The changing of the guard among fertilizer bosses spread to Europe as Yara International revealed the departure of Joergen Ole Haslestad, who will be replaced by the head of aluminium giant Norsk Hydro.
Mr Haslestad - chief executive of Norway-based Yara, the world's biggest nitrogen group, since October 2008 - is to retire, and will be succeeded by at the latest February 1 next year by Svein Richard Brandtzaeg, currently the chief executive of Norsk Hydro.
The announcement is the latest in a series of departures of fertilizer company chief executives, with Bill Doyle stepping down this month as chief executive of Canada's PotashCorp after 15 years as chief executive.
Mike Wilson stepped down as head of Canada-based Agrium at the end of 2013, as did Stephen Wilson as chief executive of US nitrogen group CF Industries.
Fertilizer shares have lost of the high profile they gained in 2008, when soaring crop prices, and the realisation of the need to raise world food production to meet growth in demand from rising and increasingly wealthy populations, focused attention on the sector.
Yara International shares in June 2008 hit a record high of NOK473.50 in Oslo, well above the NOK291.00 at which they were trading at on Monday, up 1.2% on the day.
Mr Haslestad's reign has spanned the end of the boom period, through the global financial crash, through a period of price recovery until the break-up of the Belarusian Potash Company potash cartel last year sent values of all nutrients tumbling.
Other market trends that he has had to negotiate include the rise in Chinese exports of urea, which has kept prices of the nutrient at about $300 a tonne, well below peak 2008 rates above $800 a tonne, and the rise of US shale gas.
That has fostered a US boom in investment in nitrogen plants, which are energy intensive, relying on coal in China but on gas in many other parts of the world.
The US, which imported 72% of its urea last year, may thanks to the ramp up in production capacity become self-sufficient in the nutrient by 2017, Rabobank said last week.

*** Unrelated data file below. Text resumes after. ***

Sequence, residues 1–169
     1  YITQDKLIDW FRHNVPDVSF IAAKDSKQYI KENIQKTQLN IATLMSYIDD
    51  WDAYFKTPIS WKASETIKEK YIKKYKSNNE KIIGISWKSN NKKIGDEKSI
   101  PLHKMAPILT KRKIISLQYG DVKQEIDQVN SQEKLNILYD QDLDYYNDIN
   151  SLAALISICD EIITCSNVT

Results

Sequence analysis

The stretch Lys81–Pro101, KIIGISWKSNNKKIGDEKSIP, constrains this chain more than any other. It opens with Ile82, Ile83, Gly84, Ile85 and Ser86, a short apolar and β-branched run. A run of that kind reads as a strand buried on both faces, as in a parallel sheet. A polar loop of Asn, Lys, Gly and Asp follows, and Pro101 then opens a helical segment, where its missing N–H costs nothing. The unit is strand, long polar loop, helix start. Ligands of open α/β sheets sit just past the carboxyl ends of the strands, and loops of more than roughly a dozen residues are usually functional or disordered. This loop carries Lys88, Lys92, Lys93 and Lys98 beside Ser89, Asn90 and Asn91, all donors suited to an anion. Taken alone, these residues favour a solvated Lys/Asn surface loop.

Yara itself a year ago ditched $2bn plans for an expansion at its Belle Plain plant in Canada, with Mr Haslestad warning of a "significant risk of future nitrogen oversupply in North America as new project initiatives are announced".
However, Yara in October unveiled plans for a joint venture with Germany's BASF on a "world scale" ammonia plant in Texas. BASF in May said the project, which would have capacity for 750,000 tonnes, was "making good progress".
Yara has also in Mr Haslestad's reign negotiated a bribery probe which saw the group in 2008 fined NOK29.5m ($48.5m), besides seeing four current and former executives – including Thorleif Enger Mr Haslestad's processor as chief executive – charged on allegations of corruption, which they deny.
A court hearing is due next year.
Mr Haslestad has also led Yara through the troubles at Burrup, the Australian nitrogen tie-up, at which its joint venture partner's stake was put into receivership, and the failed attempt in 2010 to buy US-based Terra Industries, losing out to a $4.7bn bid from CF Industries.
Leif Teksum, the Yara chairman, said that Mr Haslestad had "developed Yara considerably since taking the helm", overseeing a jump of more than 50% in sales and production, and leading "the transformation of Yara to being a broad-based provider of commodity and value-added solutions both within industrial, environmental and fertilizer market segments".
The appointment of Mr Brandtzaeg maintains Norwegian prominence at Yara.
Indeed, Yara used to be a division of Norsk Hydro, before being spun off a decade ago, and has as its top shareholder the Norwegian government, with a 37% stake.
Norsk Hydro's board said that it "regrets Brandtzaeg's decision to leave the company", where he has "led the company through tough times and weak markets, taking forceful actions to ensure that we are positioned for a bright future as a leading, global aluminium company".
One of his highest profile recent steps at Norsk Hydro has been to cut aluminium production costs by some $300 a tonne, in response to tumbling prices of the metal.
Norsk Hydro shares eased 0.5% to NOK36.23.